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Man disguised as postman hurled sulphuric acid at journalist

William BurnsA notorious criminal has been convicted over an acid attack which almost blinded a former regional journalist.

A jury found career criminal William ‘Basil’ Burns, left, guilty of the apparently gangland-motivated attack on Russell Findlay, who began his career at The Glaswegian in 1993.

Burns, 56, denied disguising himself as a postman and hurling sulphuric acid into Russell’s face, leaving the then-investigative editor of the Scottish Sun lucky not to be blinded.

He insisted he had only turned up at Russell’s door to “beat up” the 44-year-old, after claiming that the journalist had told him he had a compromising photo of Burns with a young blonde woman, which he had threatened to show to his wife.

Burns, who at the time of the attack had been freed early from a 15 year jail term for shooting a woman in a post office robbery, went on to claim that Russell, who has written books on gang crime, must have thrown the acid on his own face.

During the case, a jury heard how Mr Findlay answered his door around 8.30am on December 23 2015 and was told he had a parcel to sign for, before being handed a card to sign – but, as he did so, acid was flung in his face.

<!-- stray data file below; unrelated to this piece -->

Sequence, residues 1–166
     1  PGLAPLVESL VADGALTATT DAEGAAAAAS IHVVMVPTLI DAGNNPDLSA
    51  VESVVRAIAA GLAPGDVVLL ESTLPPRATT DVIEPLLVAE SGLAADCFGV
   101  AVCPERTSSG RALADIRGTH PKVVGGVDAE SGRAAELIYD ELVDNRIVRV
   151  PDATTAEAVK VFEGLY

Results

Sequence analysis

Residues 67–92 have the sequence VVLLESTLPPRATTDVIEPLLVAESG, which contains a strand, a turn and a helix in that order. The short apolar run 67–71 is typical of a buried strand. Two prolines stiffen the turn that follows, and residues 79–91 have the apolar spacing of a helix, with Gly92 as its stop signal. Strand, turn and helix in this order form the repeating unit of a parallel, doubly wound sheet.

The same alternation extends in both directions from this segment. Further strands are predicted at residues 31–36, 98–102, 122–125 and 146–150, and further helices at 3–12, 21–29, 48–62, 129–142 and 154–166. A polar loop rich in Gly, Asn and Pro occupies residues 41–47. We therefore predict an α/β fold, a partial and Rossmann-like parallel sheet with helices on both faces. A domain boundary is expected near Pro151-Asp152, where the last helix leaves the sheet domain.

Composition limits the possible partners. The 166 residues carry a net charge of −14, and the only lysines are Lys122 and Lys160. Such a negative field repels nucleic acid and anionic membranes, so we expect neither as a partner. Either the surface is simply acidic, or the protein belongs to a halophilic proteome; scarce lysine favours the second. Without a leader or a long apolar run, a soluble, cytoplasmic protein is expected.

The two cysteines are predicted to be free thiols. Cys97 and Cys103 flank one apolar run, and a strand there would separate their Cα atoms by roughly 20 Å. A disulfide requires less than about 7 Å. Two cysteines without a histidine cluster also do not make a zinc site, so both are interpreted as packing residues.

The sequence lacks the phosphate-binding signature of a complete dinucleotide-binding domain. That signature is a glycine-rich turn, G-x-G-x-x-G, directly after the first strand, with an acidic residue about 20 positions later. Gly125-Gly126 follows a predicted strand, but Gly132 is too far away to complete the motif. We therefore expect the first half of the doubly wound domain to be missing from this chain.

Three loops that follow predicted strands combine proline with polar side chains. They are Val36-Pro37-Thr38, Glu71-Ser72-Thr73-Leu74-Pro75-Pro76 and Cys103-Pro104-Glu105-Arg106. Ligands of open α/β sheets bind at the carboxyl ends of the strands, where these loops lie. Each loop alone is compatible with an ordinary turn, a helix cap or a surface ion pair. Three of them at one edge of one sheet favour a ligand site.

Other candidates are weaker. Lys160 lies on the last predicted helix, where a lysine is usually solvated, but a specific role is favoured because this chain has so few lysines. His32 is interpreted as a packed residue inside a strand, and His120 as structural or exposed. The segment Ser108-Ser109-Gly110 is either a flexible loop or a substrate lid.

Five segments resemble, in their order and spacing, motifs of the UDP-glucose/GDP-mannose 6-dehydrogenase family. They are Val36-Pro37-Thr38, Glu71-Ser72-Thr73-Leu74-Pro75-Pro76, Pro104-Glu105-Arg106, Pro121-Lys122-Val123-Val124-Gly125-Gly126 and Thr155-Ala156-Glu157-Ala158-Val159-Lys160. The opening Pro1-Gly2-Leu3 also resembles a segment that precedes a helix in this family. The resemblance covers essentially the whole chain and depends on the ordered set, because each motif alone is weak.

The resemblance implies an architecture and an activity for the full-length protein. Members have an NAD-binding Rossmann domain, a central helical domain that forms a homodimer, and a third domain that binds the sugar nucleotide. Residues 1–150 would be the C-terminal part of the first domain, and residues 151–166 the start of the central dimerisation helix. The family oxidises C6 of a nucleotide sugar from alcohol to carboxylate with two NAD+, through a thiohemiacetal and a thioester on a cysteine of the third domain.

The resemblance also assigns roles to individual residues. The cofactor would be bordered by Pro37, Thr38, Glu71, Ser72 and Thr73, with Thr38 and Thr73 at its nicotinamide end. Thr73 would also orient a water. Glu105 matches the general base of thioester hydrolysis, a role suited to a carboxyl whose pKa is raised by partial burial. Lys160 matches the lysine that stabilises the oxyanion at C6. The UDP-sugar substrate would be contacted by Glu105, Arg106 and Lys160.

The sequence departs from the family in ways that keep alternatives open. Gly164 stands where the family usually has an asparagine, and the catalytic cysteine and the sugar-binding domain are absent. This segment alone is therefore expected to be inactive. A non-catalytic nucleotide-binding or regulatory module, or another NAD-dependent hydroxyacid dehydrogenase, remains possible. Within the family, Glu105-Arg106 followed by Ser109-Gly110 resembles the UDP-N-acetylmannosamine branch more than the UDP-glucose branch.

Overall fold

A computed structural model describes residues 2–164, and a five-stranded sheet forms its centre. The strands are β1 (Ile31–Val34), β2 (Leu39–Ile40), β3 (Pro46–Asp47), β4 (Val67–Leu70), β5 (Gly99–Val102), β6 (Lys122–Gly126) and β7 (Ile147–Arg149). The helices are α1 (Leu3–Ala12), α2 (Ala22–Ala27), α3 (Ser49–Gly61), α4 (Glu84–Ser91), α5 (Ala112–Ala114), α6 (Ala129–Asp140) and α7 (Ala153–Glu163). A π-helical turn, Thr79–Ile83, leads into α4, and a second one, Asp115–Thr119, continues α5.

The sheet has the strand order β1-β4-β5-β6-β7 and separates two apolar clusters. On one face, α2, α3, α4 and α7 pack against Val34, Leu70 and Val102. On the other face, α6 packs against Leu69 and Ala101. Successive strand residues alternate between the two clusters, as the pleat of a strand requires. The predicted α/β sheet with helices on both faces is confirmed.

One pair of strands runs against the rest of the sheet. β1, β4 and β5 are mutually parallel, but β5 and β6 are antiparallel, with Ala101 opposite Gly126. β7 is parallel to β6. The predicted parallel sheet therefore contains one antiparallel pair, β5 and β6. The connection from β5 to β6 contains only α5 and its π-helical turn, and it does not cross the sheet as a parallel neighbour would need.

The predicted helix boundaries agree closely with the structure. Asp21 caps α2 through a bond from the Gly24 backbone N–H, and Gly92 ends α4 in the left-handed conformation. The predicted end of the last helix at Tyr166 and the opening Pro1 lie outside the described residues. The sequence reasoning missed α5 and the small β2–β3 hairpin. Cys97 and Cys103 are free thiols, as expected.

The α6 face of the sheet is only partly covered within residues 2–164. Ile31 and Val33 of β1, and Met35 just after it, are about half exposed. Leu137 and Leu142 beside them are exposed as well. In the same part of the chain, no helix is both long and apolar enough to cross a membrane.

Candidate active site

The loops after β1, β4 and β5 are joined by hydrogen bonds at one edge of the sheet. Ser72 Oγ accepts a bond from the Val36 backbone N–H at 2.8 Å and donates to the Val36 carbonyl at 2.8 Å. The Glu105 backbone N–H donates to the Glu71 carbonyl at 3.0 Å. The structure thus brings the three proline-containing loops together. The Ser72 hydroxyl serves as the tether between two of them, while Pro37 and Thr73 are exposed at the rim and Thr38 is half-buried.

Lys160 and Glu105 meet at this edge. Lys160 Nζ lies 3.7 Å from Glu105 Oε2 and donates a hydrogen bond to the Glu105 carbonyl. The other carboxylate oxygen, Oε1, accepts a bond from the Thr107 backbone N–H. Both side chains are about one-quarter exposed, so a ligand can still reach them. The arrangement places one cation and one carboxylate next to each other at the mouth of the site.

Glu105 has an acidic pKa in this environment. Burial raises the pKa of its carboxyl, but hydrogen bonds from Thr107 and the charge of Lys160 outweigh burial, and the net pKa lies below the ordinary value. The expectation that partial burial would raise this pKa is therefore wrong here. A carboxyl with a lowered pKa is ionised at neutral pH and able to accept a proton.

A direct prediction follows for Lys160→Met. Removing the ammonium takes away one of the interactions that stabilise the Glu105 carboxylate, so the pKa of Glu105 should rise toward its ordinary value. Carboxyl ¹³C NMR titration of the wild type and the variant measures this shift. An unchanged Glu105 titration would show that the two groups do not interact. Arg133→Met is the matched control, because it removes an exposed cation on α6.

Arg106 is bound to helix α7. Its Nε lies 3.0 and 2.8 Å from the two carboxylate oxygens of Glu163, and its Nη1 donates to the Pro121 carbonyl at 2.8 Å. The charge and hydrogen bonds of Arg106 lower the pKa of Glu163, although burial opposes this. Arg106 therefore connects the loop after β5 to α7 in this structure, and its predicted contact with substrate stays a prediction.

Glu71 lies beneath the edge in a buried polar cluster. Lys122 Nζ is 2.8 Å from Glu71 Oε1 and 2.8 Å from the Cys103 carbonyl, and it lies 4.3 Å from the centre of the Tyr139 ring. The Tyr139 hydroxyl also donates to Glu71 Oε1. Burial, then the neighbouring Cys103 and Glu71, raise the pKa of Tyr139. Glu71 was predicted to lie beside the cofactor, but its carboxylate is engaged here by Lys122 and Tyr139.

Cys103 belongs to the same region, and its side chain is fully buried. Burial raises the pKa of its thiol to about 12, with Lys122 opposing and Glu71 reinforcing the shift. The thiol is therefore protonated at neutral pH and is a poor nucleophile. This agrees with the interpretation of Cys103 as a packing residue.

The journalist recalled: “I felt liquid on my face. Something very wrong had happened. He came at me in the hall. I knew I was being attacked.” He wrestled Burns out of the house, held onto him and yelled for help.

Giving evidence earlier in the trial at the High Court in Glasgow, Russell told how his “very scared” young daughter had raced to a neighbour’s to get help while her dad gripped hold of his attacker.

Burns was remanded in custody pending sentencing next month, after being found guilty of assault to the danger of Russell’s life.

Co-accused Alexander Porter, 48, had faced the same charge and was said to be the getaway driver, but had a not proven verdict returned.